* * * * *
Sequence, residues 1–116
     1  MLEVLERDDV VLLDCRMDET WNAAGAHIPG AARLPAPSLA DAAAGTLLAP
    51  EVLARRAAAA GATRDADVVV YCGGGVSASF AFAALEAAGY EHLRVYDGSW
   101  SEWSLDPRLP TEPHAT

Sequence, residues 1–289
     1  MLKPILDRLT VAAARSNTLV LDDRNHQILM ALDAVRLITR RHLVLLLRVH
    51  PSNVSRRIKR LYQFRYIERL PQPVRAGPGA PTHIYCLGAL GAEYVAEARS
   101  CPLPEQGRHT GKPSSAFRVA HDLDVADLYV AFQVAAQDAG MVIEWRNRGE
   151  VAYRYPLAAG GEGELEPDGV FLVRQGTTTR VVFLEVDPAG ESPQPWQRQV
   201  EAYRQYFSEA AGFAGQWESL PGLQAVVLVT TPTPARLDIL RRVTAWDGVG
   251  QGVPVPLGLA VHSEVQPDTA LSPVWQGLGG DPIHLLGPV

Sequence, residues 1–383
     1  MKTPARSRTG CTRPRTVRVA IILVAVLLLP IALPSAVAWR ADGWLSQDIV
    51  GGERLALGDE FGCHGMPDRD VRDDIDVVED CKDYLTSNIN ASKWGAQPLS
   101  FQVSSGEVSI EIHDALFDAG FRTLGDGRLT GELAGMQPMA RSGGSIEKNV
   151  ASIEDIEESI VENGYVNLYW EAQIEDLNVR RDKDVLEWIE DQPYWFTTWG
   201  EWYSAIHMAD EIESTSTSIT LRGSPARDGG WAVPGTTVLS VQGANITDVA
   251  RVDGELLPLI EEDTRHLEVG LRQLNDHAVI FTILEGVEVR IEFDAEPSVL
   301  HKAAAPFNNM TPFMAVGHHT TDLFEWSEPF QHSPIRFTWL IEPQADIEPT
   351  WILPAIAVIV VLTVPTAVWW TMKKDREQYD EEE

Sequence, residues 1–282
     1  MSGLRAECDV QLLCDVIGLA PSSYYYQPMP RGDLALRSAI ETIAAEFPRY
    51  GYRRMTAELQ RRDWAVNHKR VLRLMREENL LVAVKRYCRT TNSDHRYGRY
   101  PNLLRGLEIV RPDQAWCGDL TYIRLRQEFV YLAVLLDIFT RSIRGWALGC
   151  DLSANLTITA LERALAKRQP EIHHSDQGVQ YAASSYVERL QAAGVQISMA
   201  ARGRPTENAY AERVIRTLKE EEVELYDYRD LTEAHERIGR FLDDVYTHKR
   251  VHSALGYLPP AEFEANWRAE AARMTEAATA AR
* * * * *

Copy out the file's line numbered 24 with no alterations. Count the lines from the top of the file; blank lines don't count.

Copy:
   101  PNLLRGLEIV RPDQAWCGDL TYIRLRQEFV YLAVLLDIFT RSIRGWALGC